diesel-pix-wm

The Petrol Dealers Association of Malaysia (PDAM) has suggested that the government begin dyeing subsidised fuel to enable it to be more easily identified. That way, enforcement agencies would only have to look at the colour of the fuel to tell if it is being taken across borders.

PDAM deputy president Datuk Zulkifli Mokti recommended that the government take this measure in addition to other measures that have to be introduced from August 1 this year, including requiring all tanker trucks to be painted blue with the words “Minyak Subsidi” on the tanks.

Another change in the way subsidies are being controlled is the diesel quota system, which is now set at the station level instead of being set at the fuel company level. Stations will be required to submit monthly reports of how much RON95 and diesel they sell, and they can request for extra allocations if they need it.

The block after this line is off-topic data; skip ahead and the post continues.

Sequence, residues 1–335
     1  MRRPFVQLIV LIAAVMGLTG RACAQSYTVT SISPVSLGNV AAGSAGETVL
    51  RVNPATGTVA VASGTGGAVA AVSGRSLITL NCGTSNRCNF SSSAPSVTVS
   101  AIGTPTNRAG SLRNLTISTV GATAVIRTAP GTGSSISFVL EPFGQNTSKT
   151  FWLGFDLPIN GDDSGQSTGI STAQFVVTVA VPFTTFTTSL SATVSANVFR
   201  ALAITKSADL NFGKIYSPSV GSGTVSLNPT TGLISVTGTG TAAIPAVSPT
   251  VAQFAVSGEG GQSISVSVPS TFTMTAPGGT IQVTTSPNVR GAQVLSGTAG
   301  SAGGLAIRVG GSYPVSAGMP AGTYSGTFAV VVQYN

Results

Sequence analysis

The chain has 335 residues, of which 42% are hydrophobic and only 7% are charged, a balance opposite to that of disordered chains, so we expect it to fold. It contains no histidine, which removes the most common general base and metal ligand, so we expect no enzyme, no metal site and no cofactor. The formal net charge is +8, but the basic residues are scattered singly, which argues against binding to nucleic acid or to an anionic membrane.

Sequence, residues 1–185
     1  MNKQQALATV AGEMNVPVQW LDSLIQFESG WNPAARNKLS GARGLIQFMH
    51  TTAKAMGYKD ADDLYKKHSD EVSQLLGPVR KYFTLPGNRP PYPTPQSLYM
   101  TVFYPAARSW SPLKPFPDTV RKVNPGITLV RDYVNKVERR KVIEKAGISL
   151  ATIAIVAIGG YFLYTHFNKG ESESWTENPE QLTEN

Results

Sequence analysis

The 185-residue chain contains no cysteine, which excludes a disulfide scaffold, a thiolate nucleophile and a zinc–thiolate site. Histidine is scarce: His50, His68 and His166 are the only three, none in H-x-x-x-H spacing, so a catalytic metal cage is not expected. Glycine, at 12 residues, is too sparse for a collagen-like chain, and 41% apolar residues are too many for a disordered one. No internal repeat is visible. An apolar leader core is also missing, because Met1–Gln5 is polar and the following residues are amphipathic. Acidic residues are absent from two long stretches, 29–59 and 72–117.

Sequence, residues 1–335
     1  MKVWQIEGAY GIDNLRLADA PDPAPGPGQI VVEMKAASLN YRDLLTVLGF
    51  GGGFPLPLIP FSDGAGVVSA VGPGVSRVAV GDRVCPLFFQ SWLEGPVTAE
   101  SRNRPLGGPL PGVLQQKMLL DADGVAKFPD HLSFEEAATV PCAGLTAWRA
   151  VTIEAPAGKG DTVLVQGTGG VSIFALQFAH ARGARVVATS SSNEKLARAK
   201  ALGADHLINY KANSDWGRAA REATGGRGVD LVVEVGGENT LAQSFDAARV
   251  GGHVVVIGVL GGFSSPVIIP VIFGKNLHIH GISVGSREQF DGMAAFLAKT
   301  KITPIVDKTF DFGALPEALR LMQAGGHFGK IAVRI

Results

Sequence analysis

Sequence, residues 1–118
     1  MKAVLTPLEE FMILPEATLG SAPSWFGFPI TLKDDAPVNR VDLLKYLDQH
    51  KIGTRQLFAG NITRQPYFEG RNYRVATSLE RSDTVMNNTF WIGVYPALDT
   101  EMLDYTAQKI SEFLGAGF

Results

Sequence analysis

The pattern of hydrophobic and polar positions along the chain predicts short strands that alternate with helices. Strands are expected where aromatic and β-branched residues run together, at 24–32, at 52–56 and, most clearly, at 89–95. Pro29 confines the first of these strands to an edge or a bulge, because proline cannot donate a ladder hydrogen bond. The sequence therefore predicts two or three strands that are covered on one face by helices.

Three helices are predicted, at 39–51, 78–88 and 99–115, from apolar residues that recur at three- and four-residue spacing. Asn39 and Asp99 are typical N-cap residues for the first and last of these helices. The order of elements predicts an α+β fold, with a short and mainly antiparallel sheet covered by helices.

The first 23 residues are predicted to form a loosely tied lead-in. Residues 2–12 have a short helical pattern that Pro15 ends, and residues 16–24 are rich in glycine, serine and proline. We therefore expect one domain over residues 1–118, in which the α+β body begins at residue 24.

Hopefully this will reduce the “maaf, kuota habis” signs at the stations at the end of the month. I personally faced this quite often before I disposed of my diesel-powered SUV. It makes refuelling even more of an issue, adding on top of the existing issue of finding the right kind of diesel nozzle size to fit the vehicle.